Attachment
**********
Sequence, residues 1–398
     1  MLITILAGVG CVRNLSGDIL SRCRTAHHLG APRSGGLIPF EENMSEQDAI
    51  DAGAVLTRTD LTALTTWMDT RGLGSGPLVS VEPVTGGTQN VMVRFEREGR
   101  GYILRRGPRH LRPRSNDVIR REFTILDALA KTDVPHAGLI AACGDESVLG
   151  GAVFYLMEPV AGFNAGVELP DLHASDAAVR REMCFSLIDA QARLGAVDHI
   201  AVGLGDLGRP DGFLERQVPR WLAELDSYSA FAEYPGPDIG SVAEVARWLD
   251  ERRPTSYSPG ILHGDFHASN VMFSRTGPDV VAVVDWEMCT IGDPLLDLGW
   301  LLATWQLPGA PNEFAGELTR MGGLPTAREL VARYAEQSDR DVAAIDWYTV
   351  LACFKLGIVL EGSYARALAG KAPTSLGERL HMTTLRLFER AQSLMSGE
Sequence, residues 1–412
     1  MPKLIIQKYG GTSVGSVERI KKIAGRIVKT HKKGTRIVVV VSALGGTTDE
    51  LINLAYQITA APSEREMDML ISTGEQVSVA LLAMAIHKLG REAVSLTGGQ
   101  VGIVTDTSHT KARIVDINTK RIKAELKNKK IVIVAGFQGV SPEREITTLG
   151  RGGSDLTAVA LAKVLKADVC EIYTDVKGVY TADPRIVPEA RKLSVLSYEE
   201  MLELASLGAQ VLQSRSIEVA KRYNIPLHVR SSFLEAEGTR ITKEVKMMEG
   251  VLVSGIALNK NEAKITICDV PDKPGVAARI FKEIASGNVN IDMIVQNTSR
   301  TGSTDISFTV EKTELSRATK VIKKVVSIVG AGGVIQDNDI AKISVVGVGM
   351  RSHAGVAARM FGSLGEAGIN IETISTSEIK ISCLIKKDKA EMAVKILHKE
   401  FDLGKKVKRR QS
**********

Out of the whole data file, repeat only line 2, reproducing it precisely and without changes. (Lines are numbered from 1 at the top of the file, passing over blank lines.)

     1  MLITILAGVG CVRNLSGDIL SRCRTAHHLG APRSGGLIPF EENMSEQDAI